To meet the special needs of veterans, the Royal College of General Practitioners (RCGP) is working alongside NHS England to accredit practices as ‘Veteran Friendly.’ After a successful pilot in the RCGP Midland Faculty, the programme has been rolled out nationally across England. The Government and the Defence Select Committee fully support this work. The programme has been incorporated into the NHS 10-year plan.[7]

Accreditation is a simple online process that 76% of accredited practices have found ‘easy’ or ‘very easy’ to complete.[8]

To receive accreditation, a practice is required to:

  • Ask patients registering with a surgery if they have ever served in the British Armed Forces.
  • Use this information to code on the GP computer system, using the term ‘Military Veteran.’
  • Appoint a clinical lead for veterans in the surgery (a healthcare professional).
  • Eligible practices should normally have a Care Quality Commission rating of ‘good’ or higher.

Once successfully accredited, the practice will receive an accreditation pack and regular updates, guidance, and newsletters from the RCGP to support practices in delivering the best veteran support.

Training will be offered, including access to podcasts that will help practices understand the special needs of veterans. All clinicians are encouraged to include the question ‘have you ever served in the Armed Forces?’ in their consultations. This one question is likely to link the patient’s symptoms with the underlying aetiology. 84% of accredited practices say that they now have a better understanding of how to meet veterans’ health needs thanks to the comprehensive support from the RCGP, according to a recent evaluation by the University of Chester into the Veteran Friendly Accredited Practices programme.[9]

The review found that 72% of accredited GP practices believe that the programme has already benefited their veteran patients, with 99% of practices also declaring that they would recommend the accreditation scheme to others There are now more than 2,100 accredited GP Veteran Friendly Surgeries across England (33% of all GP Practices in England as of 4 July 2023). The RCGP is also working with the devolved nations to extend the programme. The RCGP veteran-friendly practice accreditation programme enables practices to deliver best care for patients who have served in the Armed Forces. Details of the programme and the online application process can be found on the RCGP Website.[10]

Mental Health and Physical Support Services for Veterans

Operation COURAGE is the NHS England mental health specialist service designed to help serving personnel due to leave the military, reservists, armed forces veterans and their families. Op COURAGE is supported by trained professionals who are from, or have experience of working with, the Armed Forces community.[11] You can contact the service in many ways, including:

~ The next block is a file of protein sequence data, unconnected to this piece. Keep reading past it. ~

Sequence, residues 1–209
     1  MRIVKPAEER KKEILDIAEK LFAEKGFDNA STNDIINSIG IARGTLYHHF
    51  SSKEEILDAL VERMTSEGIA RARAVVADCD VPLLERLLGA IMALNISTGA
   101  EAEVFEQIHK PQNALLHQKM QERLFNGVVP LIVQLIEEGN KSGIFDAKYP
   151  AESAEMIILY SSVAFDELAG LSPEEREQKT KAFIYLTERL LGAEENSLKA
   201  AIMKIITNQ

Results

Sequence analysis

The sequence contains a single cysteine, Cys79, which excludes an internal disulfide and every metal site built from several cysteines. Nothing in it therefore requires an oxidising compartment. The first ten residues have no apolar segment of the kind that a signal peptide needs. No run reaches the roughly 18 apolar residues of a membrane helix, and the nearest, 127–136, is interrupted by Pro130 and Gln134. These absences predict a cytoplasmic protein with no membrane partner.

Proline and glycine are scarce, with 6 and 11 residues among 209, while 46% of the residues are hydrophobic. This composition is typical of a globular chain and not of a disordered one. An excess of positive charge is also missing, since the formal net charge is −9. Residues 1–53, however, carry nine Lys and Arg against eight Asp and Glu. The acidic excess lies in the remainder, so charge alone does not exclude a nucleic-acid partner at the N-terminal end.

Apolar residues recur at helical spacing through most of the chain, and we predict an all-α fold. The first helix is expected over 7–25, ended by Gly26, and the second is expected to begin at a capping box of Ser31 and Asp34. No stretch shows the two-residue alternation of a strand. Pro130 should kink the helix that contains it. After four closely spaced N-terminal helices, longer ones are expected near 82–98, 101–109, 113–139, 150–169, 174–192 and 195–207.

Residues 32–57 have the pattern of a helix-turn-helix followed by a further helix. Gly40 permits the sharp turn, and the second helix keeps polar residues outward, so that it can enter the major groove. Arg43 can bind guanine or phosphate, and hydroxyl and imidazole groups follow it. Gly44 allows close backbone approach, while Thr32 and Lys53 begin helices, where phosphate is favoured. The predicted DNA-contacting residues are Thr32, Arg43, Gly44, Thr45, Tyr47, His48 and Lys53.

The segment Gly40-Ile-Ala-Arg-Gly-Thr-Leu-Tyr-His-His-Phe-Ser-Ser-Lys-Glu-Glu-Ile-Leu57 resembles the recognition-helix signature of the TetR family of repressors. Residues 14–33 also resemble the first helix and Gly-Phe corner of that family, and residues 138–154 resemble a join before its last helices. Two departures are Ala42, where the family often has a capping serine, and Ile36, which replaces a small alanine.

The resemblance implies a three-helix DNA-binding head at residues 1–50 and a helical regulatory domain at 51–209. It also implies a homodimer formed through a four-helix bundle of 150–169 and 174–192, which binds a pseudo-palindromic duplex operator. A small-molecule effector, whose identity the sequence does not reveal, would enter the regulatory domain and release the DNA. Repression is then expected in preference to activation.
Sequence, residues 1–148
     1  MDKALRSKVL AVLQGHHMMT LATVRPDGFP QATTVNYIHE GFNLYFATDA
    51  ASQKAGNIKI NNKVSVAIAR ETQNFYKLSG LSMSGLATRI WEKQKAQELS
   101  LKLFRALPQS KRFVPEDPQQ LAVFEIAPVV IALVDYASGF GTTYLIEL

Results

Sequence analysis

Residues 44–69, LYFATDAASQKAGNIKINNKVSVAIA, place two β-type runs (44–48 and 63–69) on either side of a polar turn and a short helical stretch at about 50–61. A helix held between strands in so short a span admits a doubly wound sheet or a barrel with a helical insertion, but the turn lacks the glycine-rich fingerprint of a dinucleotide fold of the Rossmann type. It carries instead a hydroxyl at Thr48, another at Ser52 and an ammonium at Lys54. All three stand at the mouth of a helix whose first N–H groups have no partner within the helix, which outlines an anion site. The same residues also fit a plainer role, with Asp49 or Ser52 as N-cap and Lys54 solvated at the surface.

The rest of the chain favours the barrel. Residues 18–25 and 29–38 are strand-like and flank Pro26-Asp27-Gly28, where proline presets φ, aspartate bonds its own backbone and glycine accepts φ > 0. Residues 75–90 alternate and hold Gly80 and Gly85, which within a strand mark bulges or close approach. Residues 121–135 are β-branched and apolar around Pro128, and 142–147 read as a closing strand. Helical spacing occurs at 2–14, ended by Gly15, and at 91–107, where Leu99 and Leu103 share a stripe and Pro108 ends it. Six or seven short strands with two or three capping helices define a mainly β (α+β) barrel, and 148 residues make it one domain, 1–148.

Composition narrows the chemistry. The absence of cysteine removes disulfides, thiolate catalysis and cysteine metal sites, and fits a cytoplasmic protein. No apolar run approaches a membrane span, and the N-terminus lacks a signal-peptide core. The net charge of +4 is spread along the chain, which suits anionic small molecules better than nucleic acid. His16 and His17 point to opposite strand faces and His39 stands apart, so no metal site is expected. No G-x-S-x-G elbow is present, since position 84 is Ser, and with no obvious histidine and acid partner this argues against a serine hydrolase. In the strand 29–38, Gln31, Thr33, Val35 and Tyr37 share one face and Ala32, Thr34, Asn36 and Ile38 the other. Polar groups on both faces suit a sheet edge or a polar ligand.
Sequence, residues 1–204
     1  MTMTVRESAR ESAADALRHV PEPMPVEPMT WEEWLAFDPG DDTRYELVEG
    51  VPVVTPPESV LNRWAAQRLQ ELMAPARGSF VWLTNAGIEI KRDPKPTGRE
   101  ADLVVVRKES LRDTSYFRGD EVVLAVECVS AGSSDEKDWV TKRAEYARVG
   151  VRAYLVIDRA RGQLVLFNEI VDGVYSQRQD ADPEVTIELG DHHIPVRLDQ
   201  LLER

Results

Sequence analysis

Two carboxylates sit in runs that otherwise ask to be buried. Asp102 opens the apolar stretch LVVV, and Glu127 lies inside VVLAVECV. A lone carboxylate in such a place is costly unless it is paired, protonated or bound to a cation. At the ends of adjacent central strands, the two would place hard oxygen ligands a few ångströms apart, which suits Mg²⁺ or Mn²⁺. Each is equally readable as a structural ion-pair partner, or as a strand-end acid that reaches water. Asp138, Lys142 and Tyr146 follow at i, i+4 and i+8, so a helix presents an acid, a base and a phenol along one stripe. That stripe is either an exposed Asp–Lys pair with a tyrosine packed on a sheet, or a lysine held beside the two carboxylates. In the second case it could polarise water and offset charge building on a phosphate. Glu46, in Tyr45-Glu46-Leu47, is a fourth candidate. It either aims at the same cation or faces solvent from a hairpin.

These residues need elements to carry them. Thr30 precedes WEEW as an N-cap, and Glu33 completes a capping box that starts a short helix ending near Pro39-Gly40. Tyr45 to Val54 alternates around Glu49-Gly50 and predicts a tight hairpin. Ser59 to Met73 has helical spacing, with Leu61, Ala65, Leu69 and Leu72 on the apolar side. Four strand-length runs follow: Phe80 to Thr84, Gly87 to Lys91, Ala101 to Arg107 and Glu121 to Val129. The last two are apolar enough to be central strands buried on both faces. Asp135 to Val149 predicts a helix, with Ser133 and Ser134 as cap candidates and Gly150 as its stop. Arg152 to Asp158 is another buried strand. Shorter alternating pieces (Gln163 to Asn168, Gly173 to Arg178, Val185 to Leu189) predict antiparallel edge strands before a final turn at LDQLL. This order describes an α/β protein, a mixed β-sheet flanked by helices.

• directly getting in touch yourself, or through a family member or friend.
  • asking a GP or other healthcare representative to refer you.
  • asking a charity to refer you.

For physical problems attributable to military service, veterans can be referred under Op RESTORE: The Veterans Physical Health and Wellbeing Service (previously called the Veterans Trauma Network). Op RESTORE is a service for veterans with a physical illness caused because of their time in the military. This NHS service uses a network of both civilian and military consultants, along with welfare support from military charities, to support veterans’ health using a holistic approach. Whilst Op RESTORE cannot shorten NHS waiting times, it seeks to ensure the veteran ‘waits well’ and is seen by the most appropriate clinician for their needs. Op RESTORE accepts only GP referrals.[12]

The Veteran and the GP

The NHS GP, in a RCGP Veterans’ Friendly Practice, is well placed to support the medical needs of the veteran. You as a veteran can help your GP, making sure you are recorded as a Veteran. The GP from this Practice will have some understanding of the physical and mental stresses of life in the military and be aware of the resources available. There is no doubt that the care of the veteran has improved, and the NHS has gone a long way in the last 15 years to ensure that the commitments in the Military Covenant are followed. If you are struggling with a mental health problem, please have the confidence to discuss it with your GP – they are now well placed to help you.


[1] Characteristics of UK Armed Forces, England, and Wales: Census 2021

[2] Office for Veterans` Affairs Veterans Factsheet 2010

[3] Simpson R et al. UK military veteran friendly GP Practices. BMJ Mil Health 2021; 0:1–3.

[4] Stevelink S et al. The British Journal of Psychiatry, Volume 213, Issue 6, December 2018, pp. 690 – 697

[5] NHS Long Term Plan » Veterans and the Armed Forces < > NHS 10-year plan accessed 04/07/2023.

[6] Simpson R et al. The General Practitioner and the military veteran. J R Army Med Corps 2015; 161:106–108.

[7] NHS Long Term Plan » Veterans and the Armed Forces, NHS 10-year plan accessed 04/07/2023.

[8] Finnegan et al. ‘An evaluation of the veteran friendly practice accreditation programme’. BJGP Open 6(3): BJGPO.2022.0012 April 2022 <

[9] Ibid.

[10] < >

[11] Mental health support for veterans, service leavers and reservists – NHS < >

[12] email [email protected]